Marianne Faithfull: “Easy Come, Easy Go”

easy-come-easy-go

Marianne Faithfull is a diva in the truest sense of the term. That may seem like an odd thing to say about a woman whose voice is cracked and weathered and turned to gravel by years of singing and living hard, by cigarettes and whiskey, by lost love and painful addiction, by romantic relationships with at least two members of the Rolling Stones, but it’s true nevertheless. Gravel-voiced or not, Faithfull is a nightclub crooner for the downcast and the broken-hearted, a prophetess of pain and a minstrel of sorrow, and when she sings, the whole world stops and pays attention, as though remembering how to feel again after a season of apathy.

On Easy Come, Easy Go— her third album with Hal Wilner, the man who produced her iconic album Strange Weather— she’s given the kind of treatment that only a diva could ever warrant. Wilner fills the studio with a core rock and roll band, strings, winds, brass, and a mile-long line of guests eager for an audience with Herself, a chance to have even an echo of their voice on the same track as her own: Nick Cave, Chan Marshall, Antony Hegarty, Teddy Thompson, ol’ Keef himself. And then Faithfull steps up to the microphone and summons them all to attention, that ever-fraying voice commanding them all into submission, following her lead through an all-covers set that mines the depth of sadness and sorrow– songs old and new that speak to the ravages of time and savage humanity that Faithfull has sung about– and lived– for so long.

The subtitle of the European version of the album reads, “18 songs for music lovers”– though, in the US, the two-disc set is whittled down to one, with only twelve tracks (a mixed blessing– but more on that later). Possible numerical discrepancies aside, it’s a fitting description of the album, which is nothing if not a document of a legendary performer who is in love with song itself as ever before. Faithfull picked all the material with Wilner, and the songs range from old (Duke Ellington, a couple of traditional folk ditties) to very new (The Decemberists, Neko Case). Musically, they span country, jazz, lounge, folk, rock and roll, and even showtunes. The remarkable recording flows from one selection to the next without acknowledging genre or division, simply allowing singer and listener to be swept along in the music.

And to these songs, Faithfull brings both the grace and self-assured confidence of a veteran and a youthful giddiness at the possibilities offered by the music. She leads her band through a rocking version of Case’s “Hold On, Hold On,” rippin through it with a viciousness and abandon missing from the too-polite original, and she mines the title cut for all its humor and heartache, blurring the line of where one ends and the next begins. Wilner provides her with all the colors she needs to repaint these songs as she fits; The Decemberists’ “Crane Wife 3,” with its upright bass and Nick Cave’s steely harmony, sounds even more like a British folk number than the original, and a slow-build, full-band performance of Dolly Parton’s immortal “Down from Dover” is nothing less than astounding, a soaring masterpiece of sad beauty and savagely precise storytelling. The record is held together as much by its warm, intimate sadness– which unifies the song selections– as the strong presence of the singer and band, but what makes it a stunning set is the way Wilner simply lets the tape roll, allowing the record to unfold at a leisurely pace, warts and all on display. He allows two tracks to stretch beyond the 8-minute mark: a spacey, psychedelic reading of Espers’ “Children of Stone” might be a bit much, but Faithfull’s duet with Hegarty on Smokey Robinson’s “Ooh Ooh Baby” is weird, indefinable, oddly sensual, and the best thing here. The set-closing duet with Richards on Merle Haggard’s “Sing Me Back Home” is, thankfully, presented in its rough-hewn grandeur, its wistful tone summarizing and concluding the record brilliantly.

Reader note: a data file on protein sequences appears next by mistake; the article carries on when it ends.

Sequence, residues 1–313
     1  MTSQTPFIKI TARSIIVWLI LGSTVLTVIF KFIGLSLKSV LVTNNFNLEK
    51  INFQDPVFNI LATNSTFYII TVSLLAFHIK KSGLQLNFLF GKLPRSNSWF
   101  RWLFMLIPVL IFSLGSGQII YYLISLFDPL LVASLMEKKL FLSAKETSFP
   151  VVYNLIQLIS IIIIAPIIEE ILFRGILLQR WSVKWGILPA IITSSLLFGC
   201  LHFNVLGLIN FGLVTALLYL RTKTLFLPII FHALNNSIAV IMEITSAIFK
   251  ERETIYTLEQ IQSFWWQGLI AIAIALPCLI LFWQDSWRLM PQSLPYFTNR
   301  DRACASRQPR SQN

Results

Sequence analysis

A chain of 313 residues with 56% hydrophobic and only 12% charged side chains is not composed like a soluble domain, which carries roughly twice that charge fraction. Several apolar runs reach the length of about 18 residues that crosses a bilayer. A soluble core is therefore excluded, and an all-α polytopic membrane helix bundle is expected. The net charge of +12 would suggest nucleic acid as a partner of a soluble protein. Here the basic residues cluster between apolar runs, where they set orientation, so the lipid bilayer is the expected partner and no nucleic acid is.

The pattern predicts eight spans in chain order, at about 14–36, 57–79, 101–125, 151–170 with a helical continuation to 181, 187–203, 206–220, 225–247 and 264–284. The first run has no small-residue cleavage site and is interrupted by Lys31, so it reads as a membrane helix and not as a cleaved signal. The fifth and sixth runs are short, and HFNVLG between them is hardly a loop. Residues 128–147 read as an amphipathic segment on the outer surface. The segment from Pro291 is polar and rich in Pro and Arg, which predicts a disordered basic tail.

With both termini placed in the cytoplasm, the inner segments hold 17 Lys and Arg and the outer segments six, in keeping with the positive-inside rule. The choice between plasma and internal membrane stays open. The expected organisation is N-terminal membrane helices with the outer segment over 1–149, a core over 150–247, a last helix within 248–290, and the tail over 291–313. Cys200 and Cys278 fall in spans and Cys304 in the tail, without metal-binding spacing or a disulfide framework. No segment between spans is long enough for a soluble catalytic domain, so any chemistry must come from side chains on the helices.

A word about the difference between the European and American version: The two-disc edition of this album– only available in the states as a somewhat pricey import– has the grand reach, the sprawl, the sweeping scope of a masterpiece, and also the messy, untamed spirit of the best double albums: Even the songs that don’t quite work– even its unwieldy length– somehow add to its greatness. Thus, with the American version, the listener is essentially getting 2/3 of a great album, not the full thing. That said, there is something to be said for the abbreviated tracklist, which is a less ambitious but inarguably tighter set, saving all ten tracks from Disc 1 and adding some standouts from Disc 2; thankfully, one gets to hear her wonderful, expressive take on Judee Sill’s “The Phoenix,” and Morissey’s “Dear God Please Help Me” actually works well with Faithfull’s flair for the theatrical. One misses her duet with Jarvis Cocker on “Somewhere (A Place for Us)” and especially her slow, sexy reading of “Black Coffee,” but then again, it’s nice not to have to endure the lead-foot treatment of Black Rebel Motorcycle Club’s “Salvation.”

No matter which version of the album one hears, it is unquestionably the work of a truly great performer, whose good taste and class are eclipsed only by her deep wells of feeling, her empathy and sensitivity and pain, as an interpreter. She is a great singer– a diva– who commands the stage and our attention, but here, she is something else, as well: A fellow traveler on a road through darkness and despair, lust and loss, but also light and love and hope. She takes us through the valley and to the edge, then sings us back home, and Easy Come, Easy Go stands as a journey– an experience– that takes the listener both inside and then beyond himself into something human– and something sublime.

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